Characterization and Application of Angled Fluorescence Laminar Optical Tomography
MetadataShow full item record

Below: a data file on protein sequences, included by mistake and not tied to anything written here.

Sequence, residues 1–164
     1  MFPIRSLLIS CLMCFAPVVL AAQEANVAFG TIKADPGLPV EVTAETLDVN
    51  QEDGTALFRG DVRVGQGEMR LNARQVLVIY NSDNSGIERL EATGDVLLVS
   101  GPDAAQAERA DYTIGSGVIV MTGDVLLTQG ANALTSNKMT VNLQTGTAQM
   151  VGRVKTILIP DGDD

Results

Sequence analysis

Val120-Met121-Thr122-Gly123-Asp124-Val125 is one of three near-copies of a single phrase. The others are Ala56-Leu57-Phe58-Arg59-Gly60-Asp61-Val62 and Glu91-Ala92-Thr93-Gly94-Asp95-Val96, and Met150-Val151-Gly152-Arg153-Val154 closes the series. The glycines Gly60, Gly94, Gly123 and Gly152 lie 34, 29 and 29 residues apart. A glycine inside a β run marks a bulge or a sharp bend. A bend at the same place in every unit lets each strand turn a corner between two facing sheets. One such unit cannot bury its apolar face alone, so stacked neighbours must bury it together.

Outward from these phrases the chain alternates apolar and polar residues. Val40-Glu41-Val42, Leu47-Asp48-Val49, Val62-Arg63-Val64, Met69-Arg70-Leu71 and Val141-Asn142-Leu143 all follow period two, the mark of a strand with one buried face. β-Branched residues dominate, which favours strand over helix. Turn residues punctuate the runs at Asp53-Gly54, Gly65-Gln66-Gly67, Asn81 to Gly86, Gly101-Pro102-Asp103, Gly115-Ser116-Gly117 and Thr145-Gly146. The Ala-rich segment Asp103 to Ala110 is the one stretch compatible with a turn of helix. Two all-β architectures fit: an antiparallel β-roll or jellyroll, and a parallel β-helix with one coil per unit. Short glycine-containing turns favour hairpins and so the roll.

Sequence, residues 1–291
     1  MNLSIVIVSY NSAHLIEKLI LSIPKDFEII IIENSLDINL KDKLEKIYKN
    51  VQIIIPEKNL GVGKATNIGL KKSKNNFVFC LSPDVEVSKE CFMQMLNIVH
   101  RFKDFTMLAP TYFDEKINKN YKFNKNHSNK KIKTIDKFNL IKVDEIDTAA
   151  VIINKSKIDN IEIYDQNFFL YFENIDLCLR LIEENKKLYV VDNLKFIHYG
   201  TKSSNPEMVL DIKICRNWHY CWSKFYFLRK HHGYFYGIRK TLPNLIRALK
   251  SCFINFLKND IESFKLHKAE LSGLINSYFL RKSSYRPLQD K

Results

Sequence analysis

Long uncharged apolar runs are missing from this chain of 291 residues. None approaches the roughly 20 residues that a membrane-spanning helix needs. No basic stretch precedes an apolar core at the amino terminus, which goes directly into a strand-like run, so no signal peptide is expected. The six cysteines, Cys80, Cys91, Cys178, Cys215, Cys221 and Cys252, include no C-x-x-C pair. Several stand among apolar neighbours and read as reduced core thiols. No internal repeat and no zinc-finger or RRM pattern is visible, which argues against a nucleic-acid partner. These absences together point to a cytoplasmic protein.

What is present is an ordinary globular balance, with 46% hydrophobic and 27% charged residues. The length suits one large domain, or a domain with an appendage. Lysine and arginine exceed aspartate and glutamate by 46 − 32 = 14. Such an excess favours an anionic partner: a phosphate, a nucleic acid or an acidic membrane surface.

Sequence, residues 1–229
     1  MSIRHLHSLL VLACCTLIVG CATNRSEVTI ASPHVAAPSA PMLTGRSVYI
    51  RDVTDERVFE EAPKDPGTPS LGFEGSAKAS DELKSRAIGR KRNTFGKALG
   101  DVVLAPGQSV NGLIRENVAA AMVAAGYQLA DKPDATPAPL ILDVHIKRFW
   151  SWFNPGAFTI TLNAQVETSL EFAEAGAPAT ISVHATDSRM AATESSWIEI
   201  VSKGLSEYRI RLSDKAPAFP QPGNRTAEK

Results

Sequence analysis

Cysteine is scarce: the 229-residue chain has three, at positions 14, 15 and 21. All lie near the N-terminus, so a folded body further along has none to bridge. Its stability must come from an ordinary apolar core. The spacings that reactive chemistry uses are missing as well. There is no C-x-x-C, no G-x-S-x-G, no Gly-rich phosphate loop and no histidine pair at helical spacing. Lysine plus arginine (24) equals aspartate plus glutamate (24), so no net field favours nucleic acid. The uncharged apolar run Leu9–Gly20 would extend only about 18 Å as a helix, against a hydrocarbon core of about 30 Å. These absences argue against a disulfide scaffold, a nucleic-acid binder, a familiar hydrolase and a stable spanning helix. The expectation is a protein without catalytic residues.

Angled fluorescence laminar optical tomography (aFLOT) is a modified fluorescence tomographic imaging technique that targets the mesoscopic scale (millimeter penetration with resolution in the tens of microns). Traditional FLOT uses multiple detectors to measure a range of scattered fluorescence signals to perform 3D reconstructions. This technology however inherently assumes the sample to be scattering. To extend the capability of FLOT to cover the low scattering regime, the oblique illumination and detection was introduced. The angular degree of freedom for the illumination and detection was theoretically and experimentally investigated. It was concluded that aFLOT enhanced resolution 2.5 times and depth selectivity compared to traditional FLOT, and that it enabled the stacking representation, a process that skips the computationally-intensive reconstruction usually needed to render the tomogram. Because stacking is enabled, the necessity of a reconstruction process is retrospectively discussed. aFLOT systems were constructed and applied in tissue engineering. Phantoms and engineered tissue models were successfully imaged. The aFLOT was shown to perform non-invasive in situ imaging in biologically relevant samples with 1mm penetration and 9-400 micron resolution, depending on the scattering of samples. aFLOT illustrates its potential for studying cell-cell or cell-material interactions.